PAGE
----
Former cohabiting couple, Ms Chapman and Ms Ladwa are this week awaiting judgment as to the division of a property legally held in their joint names.
During the parties 16 year relationship, Ms Chapman was the primary breadwinner and Ms Ladwa principally the home maker. While Ms Ladwa undertook a law degree, a cookery course and attempted to start several businesses, her ex-partner criticised her for being a “cash cow” saying that she never gained permanent employment because she “didn’t’ want to work”. There are no children of the relationship.
In court Ms Chapman argued that she solely financed the property and the couples’ lifestyle and claimed the decision to transfer legal ownership into their joint names is invalid due to the undue influence exerted upon her by Ms Ladwa.
Ms Ladwa strongly denied this allegation. Her barrister argued that Ms Chapman was trying to re-write history and the property was always intended by the parties to be held in joint names as is reflected in the legal title.
Interestingly, Ms Ladwa argued that she was entitled to half the property “like any other ‘housewife’”. Ms Ladwa’s argument sheds light on a common misconception of the legal landscape for cohabitees. A ‘common law marriage’ does not legally exist in the UK. Nor does the law view cohabitee couples as equal to their married counterparts. Therefore, quite distinct from an ex-spouse, a cohabitee generally has no right to claim financial assistance from the other unless they have children, and there is no right of ‘alimony’ for instance in this country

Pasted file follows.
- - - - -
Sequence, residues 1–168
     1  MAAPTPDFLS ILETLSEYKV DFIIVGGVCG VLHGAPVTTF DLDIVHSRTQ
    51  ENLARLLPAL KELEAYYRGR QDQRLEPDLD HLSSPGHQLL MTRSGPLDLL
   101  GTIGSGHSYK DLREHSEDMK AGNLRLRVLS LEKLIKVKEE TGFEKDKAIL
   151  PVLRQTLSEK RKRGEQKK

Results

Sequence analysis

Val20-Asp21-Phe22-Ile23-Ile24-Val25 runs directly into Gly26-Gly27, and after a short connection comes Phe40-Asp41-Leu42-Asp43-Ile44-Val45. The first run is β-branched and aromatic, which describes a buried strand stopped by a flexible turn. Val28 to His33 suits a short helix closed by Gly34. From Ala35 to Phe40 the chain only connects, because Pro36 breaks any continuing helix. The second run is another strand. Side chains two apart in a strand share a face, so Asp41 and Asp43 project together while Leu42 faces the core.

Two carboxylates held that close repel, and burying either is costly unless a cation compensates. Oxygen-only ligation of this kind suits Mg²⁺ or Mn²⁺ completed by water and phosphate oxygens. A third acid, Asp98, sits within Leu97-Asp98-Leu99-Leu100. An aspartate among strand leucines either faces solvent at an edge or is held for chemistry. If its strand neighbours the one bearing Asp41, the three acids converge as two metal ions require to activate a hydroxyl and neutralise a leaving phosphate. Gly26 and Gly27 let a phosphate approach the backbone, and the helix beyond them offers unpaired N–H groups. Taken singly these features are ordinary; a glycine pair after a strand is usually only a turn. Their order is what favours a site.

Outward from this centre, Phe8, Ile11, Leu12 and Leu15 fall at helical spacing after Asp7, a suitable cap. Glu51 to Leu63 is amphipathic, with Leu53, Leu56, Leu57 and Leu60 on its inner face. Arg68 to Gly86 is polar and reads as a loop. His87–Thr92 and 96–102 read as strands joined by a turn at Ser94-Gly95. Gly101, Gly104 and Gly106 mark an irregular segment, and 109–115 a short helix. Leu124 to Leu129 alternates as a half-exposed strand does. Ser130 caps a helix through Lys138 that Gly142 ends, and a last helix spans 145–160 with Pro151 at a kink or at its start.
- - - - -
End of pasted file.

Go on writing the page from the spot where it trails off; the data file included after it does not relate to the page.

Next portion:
In the absence of marriage, land law will dictate the legal ownership of any property of the relationship. In this case the property is legally held in joint names, so usually Ms Ladwa would be entitled to 50% of the property. Ms Chapman’s challenge to this share as a result of Ms Ladwa’s alleged undue pressure is a difficult legal hurdle to overcome and success will depend upon the strength of the evidence before the court as to whether she entered into this transaction of her own free will.
If Ms Ladwa and Ms Chapman were married however, the property in question would have special legal status as the former matrimonial home – so on relationship breakdown it is likely for that property to be shared notwithstanding legal ownership.
This case raises interesting questions of law and also shines further light on the legally vulnerable position of unmarried cohabitee couples. Judgment is awaited.
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Written by Nykol O’Shea, Trainee Lawyer in the Family Department.